SAD 44 attorney on school taxation fairness

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  • Following is the text of an explanation from SAD 44 Attorney Richard Spencer on tax assessment for school districts. It was originally presented at Monday’s SAD 44 School Board meeting, and has been revised since then to include a more specific focus on SAD 44, according to Supt. Dave Murphy. Spencer also testified April 15 at the Legislative hearing in Augusta on LD 1082, which seeks to incorporate student population into the SAD 44 and SAD 6 local cost-sharing formulas.

    The taxes that support SAD 44 are regional taxes that are being fairly assessed

            The reason that most rural Maine towns are members of SADs or RSUs is because they do not have enough students or enough taxable property to operate their own municipal school systems; and the educational literature strongly supports the idea that regional school systems are able to offer greater educational opportunities than would be possible in smaller municipal school systems.  The taxes that are levied to support Maine school administrative districts (“SADs”) and Maine Regional School Units (“RSUs”) are regional taxes that are assessed against all of the taxable property located in the SAD or RSU.  As a matter of administrative convenience, Maine statutes provide for these SAD or RSU taxes to be collected by the towns located within the SAD or RSU because the towns already have the procedures and personnel in place for the collection of local municipal taxes.

Although the taxes that support Maine’s SADs and RSUs are collected by the member towns, the Maine statutes and courts have made it clear that taxes levied by school districts and RSUs are district or regional taxes as distinguished from municipal taxes.  20-A MRS §§1310(2) and 1489(2) both provide that constables and tax collectors have the authority and powers to collect SAD and RSU taxes, respectively, “as is vested in them by law to collect state, county, and municipal taxes.”  Similar language was used by the Maine Law Court more than 100 years ago in Smyth v. Titcomb, 31 Me. 272, 280 when the court cited a statute providing that following assessment of a local school district tax, the tax collector “had the same authority to enforce the collection and payment, as in the case of town taxes.”

When SAD and RSU taxes are understood to be district or regional taxes, rather than town taxes, it becomes clear why it is that under SAD 44’s cost sharing formula all of the taxable property in the district is assessed in the same manner.  The basic premise is that when SAD 44 assesses school taxes to raise additional local funds, a property located in one part of the district should be taxed at the same tax rate as a property located in another part of the district.  The taxpayers of Newry, Bethel, Andover and Woodstock are all located in SAD 44.  Since they all derive benefit from the same regional school system, it makes sense that a property located in one part of SAD 44 should bear the same tax burden as a similarly valued property in another part of SAD 44.  For that reason, a ski condo in Newry valued at $100,000 bears the same tax burden as a house in Bethel, also valued at $100,000, in order to support SAD 44’s regional education program.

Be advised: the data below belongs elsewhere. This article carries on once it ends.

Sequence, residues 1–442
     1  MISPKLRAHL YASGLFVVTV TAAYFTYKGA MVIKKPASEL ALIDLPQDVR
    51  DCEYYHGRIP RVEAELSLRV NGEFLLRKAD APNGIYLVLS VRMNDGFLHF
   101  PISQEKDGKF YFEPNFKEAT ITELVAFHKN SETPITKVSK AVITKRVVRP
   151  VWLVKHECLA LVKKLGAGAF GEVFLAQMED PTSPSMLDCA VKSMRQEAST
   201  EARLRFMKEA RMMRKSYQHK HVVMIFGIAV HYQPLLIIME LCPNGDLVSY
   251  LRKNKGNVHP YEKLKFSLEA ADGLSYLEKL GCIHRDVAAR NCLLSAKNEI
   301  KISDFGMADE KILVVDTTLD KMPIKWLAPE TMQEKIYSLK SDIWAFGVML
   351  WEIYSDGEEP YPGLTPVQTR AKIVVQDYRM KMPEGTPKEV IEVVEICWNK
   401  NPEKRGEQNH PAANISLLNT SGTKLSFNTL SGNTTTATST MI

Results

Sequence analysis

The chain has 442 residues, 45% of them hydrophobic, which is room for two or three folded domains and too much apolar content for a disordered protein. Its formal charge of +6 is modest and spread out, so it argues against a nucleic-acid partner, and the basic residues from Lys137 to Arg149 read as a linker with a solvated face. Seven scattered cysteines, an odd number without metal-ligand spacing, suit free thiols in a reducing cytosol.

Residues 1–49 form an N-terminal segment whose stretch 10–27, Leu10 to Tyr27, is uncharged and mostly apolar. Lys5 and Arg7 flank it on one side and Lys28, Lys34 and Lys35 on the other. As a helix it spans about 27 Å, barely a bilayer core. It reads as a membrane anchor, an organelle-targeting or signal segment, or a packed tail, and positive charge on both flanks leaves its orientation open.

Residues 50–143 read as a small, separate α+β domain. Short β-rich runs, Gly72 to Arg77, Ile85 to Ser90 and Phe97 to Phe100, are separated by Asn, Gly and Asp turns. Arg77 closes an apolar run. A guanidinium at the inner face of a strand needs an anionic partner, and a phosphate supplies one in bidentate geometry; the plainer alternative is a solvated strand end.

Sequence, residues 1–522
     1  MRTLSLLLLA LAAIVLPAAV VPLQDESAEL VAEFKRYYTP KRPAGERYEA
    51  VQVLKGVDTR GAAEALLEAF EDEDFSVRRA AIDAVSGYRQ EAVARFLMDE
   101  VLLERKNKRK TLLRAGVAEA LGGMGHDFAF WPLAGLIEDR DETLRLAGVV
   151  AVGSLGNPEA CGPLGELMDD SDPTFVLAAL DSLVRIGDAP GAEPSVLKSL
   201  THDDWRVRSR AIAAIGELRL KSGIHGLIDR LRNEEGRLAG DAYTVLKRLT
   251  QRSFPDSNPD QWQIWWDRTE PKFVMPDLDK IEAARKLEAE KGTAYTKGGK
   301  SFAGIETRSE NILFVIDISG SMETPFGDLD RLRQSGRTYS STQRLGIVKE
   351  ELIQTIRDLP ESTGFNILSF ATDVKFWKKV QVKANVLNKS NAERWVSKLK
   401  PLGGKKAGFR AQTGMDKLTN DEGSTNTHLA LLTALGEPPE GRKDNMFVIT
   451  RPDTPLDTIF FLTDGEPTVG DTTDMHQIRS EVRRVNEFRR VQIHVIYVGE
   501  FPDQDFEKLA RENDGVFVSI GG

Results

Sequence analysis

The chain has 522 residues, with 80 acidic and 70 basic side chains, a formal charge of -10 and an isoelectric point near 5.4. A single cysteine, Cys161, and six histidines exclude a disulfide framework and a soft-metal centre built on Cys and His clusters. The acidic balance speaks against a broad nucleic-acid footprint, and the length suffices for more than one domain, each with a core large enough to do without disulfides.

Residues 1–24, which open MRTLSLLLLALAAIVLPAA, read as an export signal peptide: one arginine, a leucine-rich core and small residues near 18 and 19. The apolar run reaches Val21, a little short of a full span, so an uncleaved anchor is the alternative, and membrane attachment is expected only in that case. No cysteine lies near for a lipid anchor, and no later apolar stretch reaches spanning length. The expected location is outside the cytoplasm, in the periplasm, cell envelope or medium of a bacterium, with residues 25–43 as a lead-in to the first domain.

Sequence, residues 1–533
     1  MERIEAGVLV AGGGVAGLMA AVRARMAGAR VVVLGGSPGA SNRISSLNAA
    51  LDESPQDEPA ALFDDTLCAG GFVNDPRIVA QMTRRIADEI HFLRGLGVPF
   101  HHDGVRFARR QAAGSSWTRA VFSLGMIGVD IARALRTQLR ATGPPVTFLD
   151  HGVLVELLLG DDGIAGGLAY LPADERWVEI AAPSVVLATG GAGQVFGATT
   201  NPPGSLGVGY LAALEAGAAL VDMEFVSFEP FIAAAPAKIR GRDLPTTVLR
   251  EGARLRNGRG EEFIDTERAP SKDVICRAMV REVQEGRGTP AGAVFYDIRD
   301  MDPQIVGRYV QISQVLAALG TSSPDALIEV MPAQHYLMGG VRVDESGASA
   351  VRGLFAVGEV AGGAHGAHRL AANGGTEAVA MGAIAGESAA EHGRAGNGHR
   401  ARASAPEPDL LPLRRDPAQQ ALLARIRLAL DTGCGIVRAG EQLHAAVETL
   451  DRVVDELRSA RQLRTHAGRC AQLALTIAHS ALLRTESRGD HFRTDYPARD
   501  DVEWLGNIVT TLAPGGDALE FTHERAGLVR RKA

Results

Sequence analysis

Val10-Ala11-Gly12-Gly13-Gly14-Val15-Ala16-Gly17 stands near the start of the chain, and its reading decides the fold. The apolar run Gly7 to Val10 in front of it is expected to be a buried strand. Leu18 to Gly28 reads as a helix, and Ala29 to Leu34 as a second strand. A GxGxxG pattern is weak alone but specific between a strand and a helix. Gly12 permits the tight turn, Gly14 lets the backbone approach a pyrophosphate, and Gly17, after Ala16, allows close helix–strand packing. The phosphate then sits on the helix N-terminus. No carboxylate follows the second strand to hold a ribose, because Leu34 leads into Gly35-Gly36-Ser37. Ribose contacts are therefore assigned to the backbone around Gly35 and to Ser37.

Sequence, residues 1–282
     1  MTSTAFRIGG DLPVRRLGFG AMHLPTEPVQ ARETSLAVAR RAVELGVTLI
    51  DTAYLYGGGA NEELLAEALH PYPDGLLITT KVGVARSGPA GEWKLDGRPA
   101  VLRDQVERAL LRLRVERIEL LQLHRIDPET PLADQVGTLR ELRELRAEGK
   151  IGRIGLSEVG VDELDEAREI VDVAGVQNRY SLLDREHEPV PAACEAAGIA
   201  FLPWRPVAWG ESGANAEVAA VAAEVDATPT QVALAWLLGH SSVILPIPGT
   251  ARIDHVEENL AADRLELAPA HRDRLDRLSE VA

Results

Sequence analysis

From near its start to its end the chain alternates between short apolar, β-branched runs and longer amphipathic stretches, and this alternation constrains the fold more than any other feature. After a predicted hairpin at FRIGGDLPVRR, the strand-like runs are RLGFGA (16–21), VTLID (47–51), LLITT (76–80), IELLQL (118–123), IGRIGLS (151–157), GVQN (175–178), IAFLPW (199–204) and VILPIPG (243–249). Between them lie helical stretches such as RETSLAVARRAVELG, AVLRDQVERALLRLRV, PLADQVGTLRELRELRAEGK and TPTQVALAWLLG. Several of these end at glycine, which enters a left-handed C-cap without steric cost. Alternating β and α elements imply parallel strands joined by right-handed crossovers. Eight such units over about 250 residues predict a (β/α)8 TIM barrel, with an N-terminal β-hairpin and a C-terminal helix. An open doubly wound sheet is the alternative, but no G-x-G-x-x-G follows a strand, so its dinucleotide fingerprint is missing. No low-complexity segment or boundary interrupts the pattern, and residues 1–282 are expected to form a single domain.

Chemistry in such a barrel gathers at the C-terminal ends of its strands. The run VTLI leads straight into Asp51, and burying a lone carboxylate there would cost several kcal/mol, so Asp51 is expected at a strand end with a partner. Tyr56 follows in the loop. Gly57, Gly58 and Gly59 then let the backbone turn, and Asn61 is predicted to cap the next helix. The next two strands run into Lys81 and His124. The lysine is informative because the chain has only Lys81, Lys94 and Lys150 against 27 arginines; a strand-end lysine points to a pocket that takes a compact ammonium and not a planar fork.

Because regional school taxes are collected by the towns, however, it is easy to think of them as town taxes, which they are not.  In reality, it is not the town that is paying the taxes to support SAD 44, it is the individual taxpayers.  The individual taxpayers in a high valuation town with a small number of students are not paying too much toward the regional school system and they are not being treated unfairly.  On the contrary, they are paying the same amount on the value of their property as the other taxpayers whose property is located in other parts of the district.  They also enjoy the same benefits from the regional school system as all of the other taxpayers in the district.  If they have children of school age, they can send their children to the district’s schools on a tuition free basis; and if they don’t have school age children, they still receive the other benefits that accrue to everyone from the general diffusion of education – an educated population, a stronger economy, and a functioning democracy.

The next time that you hear that a town is paying too much to an SAD or RSU, or that the town is not getting its money’s worth because it only has a few students, Stop and Think.  It’s not the town’s money and it’s not the town that is paying for the regional education system.  It is the individual taxpayers in the SAD or RSU.  The towns are just conduits for collecting the regional taxes.  When SAD 44 raises additional local funds, all of the taxpayers in the region are taxed at the same rate as all of the other taxpayers in the region; and they are also getting the same benefits as all of the other taxpayers in the region.  If you think about it that way, there is nothing unfair about the current arrangement.  On the contrary, common sense requires that all of the taxpayers in the region be taxed in the same manner to support a regional school system that benefits all of them.

The present system is not only fair to the taxpayers, it also leads to greater educational opportunities for all of the students who live in SAD 44’s member towns.

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